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Microscopic or invisible haematuria

What is Microscopic Haematuria?

Haematuria is the presence of blood in the urine. Microscopic haematuria is where the blood is not visible and is present only on testing of the urine.

In Australia microscopic haematuria is defined as greater than 10 red blood cells visible on a high-powered microscopic examination of urine. The definition of microscopic haematuria varies from more than 3 to 10 red blood cells in different countries. Microscopic haematuria is usually discovered when urine is tested with a dipstick test. As the results of urine testing with a dipstick are not always accurate, the finding of microscopic haematuria should be confirmed with microscopic examination on an MSU or mid-stream urine testing.

Apart from the main classification into microscopic (invisible) haematuria and macroscopic (visible) haematuria, haematuria can be classified into:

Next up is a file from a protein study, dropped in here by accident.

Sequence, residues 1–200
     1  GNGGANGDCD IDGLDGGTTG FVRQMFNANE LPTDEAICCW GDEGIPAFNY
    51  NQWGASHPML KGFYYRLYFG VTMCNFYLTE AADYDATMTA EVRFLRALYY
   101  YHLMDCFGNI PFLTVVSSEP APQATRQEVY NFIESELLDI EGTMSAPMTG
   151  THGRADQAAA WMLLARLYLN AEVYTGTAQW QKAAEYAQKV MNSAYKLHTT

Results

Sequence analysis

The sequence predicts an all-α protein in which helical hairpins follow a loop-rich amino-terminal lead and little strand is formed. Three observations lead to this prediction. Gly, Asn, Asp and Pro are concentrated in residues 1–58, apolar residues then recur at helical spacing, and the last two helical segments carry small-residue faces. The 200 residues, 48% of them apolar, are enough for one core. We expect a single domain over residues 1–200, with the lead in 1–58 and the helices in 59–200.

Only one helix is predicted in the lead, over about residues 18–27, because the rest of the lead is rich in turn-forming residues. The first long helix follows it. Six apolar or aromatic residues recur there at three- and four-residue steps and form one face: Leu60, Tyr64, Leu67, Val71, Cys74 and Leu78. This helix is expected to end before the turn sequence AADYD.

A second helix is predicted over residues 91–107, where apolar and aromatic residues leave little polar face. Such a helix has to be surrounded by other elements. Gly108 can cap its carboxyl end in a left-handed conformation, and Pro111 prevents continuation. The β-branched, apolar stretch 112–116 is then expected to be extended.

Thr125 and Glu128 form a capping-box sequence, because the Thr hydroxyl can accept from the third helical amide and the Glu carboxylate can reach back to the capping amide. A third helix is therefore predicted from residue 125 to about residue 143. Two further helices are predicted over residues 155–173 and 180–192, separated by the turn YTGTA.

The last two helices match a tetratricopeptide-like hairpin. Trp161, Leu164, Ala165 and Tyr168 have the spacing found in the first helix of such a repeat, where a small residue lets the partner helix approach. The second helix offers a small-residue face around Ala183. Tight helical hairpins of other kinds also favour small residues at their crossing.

• Symptomatic – associated with voiding symptoms such as
    • Hesitancy (slow urination)
    • Frequency
    • Urgency
    • Dysuria - burning or pain on urination 
    • Abdominal or flank pain
  • Asymptomatic – occurring without symptoms

How often does Microscopic Haematuria occur?

The prevalence of asymptomatic microscopic haematuria (i.e. invisible blood in the urine without urinary symptoms) ranges from 2 to up to 31% of the population with higher rates occurring in the older population, men and those with a history of smoking.

What is the significance of Microscopic Haematuria?

Not all haematuria is caused by significant problems in the urinary tract.

Studies have shown that even with extensive investigation, that a specific cause for the haematuria is not found in up to 70% of patients with microscopic haematuria.

What are the common causes of Haematuria?

Urinary tract infection (UTI) is one of the most common causes of haematuria. Stones within the urinary tract (kidney or ureteric) can also cause blood in the urine. Urinary tract cancers such as kidney cancer and cancers of the bladder (TCC - transitional cell cancer of the lining of the urinary tract) are also important causes of haematuria.

Haematuria requires investigation to exclude significant or worrying pathology in the urinary tract.